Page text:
Ylva Götberg’s second paper on the spectra of the stripped stars stripped is now accepted, featuring “obese subdwarfs”, “underweight Wolf-Rayet stars” and everything in between, including a demonstration of why astronomers are effectively colorblind, making these stars nearly invisible to us when they have a companion.
Y. Götberg, S. E. de Mink, J. H. Groh, T. Kupfer, P. A. Crowther, E. Zapartas, M. Renzo (2018) “Spectral models for binary products: Unifying Subdwarfs and Wolf-Rayet stars as a sequence of stripped-envelope stars”, accepted for publication in Astronomy and Astrophysics, preprint available here https://arxiv.org/abs/1802.03018.
Abel investigated the binary system ϕ Persei, using new data by Douglas Gies and collaborators. The system contains one star, a subdwarf, with about the same mass as the Sun, but it is 10 times hotter and nearly 10,000 times brighter. It contains a second star, a Be star, that is nearly 10 times as massive as the Sun, which is spinning very rapidly. It is thought that the hot star is the remaining core of a star that has lost its envelope, transferring part of it to the companion which is now spinning very fast.
A. Schootemeijer, Y. Gotberg, S. E. de Mink, D. R. Gies, E. Zapartas, Clues about the scarcity of stripped-envelope stars from the evolutionary state of the sdO+Be binary system phi Persei, accepted for publication in A&A, 2018 https://arxiv.org/abs/1803.02379 Continue reading
Published in Science 05 Jan 2018, “The number of stars that form at each mass is known as the initial mass function (IMF). For most masses, the IMF follows a power-law distribution, first determined by Edwin Salpeter in 1955. Fabian Schneider et al. used observations of the nearby star-forming region 30 Doradus (also known as the Tarantula Nebula) and combined these with stellar modeling to determine its IMF. They found more stars above 30 solar masses than predicted by the Salpeter distribution. Because the most massive stars also have the biggest influence on their surroundings—for instance, through ultraviolet radiation, stellar winds, supernova explosions, and production of heavy elements—this excess will have wide-ranging implications. ” Editor summary in journal science.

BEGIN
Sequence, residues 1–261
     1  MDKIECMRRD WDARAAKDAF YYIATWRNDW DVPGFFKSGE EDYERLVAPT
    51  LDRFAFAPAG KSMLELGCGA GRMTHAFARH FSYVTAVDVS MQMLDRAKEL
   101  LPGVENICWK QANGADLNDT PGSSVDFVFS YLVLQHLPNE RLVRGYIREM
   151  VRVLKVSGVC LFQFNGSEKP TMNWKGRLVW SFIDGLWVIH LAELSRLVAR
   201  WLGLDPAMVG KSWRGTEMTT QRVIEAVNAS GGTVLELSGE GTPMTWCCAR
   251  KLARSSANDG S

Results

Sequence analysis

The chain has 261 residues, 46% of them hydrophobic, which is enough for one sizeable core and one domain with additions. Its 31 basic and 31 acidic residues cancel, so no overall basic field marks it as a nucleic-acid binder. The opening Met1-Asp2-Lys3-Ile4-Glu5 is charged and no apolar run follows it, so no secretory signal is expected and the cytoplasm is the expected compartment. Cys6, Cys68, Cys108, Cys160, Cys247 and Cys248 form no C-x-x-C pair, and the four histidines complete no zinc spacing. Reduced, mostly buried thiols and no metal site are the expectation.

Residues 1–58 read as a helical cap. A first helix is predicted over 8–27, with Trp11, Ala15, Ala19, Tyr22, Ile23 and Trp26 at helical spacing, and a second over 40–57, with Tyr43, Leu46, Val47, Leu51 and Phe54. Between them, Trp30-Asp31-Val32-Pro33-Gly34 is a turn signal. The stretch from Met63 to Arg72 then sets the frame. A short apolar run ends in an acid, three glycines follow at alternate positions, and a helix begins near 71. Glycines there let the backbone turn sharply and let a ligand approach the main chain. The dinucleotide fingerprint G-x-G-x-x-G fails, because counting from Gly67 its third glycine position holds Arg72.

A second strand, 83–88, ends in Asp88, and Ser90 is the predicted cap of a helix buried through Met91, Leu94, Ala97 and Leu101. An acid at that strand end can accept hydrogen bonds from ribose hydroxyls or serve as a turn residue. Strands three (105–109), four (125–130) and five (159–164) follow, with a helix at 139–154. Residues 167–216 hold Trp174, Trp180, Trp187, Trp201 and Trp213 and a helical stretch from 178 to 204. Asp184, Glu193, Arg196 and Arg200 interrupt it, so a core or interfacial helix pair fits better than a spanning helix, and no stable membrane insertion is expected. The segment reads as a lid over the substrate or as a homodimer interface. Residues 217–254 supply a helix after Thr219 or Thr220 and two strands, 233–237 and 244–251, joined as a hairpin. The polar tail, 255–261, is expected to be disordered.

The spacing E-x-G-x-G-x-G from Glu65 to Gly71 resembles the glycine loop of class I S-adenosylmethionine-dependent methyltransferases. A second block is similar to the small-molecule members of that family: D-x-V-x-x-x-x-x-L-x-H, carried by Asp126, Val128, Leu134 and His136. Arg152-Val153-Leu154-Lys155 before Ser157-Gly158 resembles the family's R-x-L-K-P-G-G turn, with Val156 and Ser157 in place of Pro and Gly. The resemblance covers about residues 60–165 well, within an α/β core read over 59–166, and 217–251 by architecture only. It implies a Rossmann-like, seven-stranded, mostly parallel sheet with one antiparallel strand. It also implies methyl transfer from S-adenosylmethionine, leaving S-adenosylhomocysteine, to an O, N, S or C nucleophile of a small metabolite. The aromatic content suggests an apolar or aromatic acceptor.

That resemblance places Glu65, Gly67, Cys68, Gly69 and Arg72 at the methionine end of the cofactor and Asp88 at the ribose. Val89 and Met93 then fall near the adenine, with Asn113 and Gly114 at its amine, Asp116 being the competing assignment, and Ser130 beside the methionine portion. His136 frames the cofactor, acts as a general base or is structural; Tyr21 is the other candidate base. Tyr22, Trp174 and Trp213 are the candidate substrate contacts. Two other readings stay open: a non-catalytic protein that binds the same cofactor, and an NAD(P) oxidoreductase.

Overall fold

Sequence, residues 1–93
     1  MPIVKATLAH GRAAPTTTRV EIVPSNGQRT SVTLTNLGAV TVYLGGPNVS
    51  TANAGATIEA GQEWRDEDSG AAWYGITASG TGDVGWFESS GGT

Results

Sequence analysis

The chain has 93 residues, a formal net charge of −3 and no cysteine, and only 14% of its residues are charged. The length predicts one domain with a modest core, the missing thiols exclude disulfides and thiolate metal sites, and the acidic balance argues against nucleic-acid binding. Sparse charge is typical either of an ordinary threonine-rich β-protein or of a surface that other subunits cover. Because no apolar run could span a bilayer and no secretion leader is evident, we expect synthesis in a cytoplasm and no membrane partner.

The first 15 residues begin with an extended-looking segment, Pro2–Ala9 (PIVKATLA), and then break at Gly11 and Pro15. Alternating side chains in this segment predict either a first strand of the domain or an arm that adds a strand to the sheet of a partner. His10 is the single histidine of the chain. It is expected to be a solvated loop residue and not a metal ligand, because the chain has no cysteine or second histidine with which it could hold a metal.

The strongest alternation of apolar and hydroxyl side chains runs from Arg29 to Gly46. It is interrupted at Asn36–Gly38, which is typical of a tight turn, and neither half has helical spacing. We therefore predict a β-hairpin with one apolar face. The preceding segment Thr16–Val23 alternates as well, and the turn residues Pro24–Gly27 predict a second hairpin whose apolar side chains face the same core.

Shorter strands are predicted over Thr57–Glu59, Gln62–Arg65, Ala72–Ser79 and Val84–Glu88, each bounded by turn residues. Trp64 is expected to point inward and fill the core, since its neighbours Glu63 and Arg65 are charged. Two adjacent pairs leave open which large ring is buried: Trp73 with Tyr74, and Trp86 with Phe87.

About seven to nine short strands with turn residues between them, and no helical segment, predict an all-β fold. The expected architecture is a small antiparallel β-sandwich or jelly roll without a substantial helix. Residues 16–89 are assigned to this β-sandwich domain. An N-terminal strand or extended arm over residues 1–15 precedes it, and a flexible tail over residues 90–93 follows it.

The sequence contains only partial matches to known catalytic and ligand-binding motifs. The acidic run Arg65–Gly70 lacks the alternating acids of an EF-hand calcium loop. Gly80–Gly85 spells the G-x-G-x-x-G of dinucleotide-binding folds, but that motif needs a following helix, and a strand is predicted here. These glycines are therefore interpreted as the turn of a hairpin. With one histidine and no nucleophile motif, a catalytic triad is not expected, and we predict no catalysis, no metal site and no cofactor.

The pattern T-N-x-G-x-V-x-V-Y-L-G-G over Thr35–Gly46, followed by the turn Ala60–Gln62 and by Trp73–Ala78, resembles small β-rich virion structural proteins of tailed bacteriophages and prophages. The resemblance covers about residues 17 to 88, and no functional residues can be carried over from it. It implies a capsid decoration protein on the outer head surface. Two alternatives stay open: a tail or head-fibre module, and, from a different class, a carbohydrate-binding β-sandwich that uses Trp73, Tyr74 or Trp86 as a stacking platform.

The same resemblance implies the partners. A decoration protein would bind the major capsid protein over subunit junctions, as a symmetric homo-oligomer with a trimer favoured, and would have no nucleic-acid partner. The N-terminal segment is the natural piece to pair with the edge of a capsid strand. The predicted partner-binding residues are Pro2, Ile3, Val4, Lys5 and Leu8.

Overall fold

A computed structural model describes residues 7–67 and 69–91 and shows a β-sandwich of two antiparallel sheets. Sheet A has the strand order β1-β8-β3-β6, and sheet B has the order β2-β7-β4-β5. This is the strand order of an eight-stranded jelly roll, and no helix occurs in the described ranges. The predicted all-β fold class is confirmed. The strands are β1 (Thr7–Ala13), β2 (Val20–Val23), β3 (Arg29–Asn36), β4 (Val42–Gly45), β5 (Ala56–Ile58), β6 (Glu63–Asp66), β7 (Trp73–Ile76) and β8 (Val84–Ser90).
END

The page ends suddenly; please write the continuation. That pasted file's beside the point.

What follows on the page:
Guinness World Records 2017 book included massive overcontact binary VFTS 352 that was found in Tarantula Survey. (Quotation is not correct, but still cool this reached popular press so well. Clearly thanks to Luis Calçadaincredible artist impression.) `
Ylva’ Götberg’s paper has been accepted for publication in the journal Astronomy and Astrophysics. Find a link to the forthcoming paper here. She computed the first tailor made models for the structure, evolution and atmospheres of the very hot stars that can from in binary systems when a star loses its envelope by interaction with a companion. She shows that these stars emit most of their light as ionizing photons, at wavelengths so short that none of the currently existing astronomical facilities can actually detect them. This first paper explores how metallicity affects these stars, i.e. are stripped stars in our own galaxy different from stripped stars that formed in the early days of the universe when there were less metals available? Stay tuned for more. Further papers to come out soon.
All stars lose mass, in part in the form of a stellar wind. (Even our sun does so, which most known for the beautiful aurora that can be seen) How strong these winds are is not known very well. Measurements are affected by uncertainties such as how smooth or how clumped such winds are. Mathieu Renzo undertook a very careful study to investigate how the various prescriptions for stellar winds and their uncertainties affect the final mass and structure of stars. His paper is accepted for publication and can be obtained here.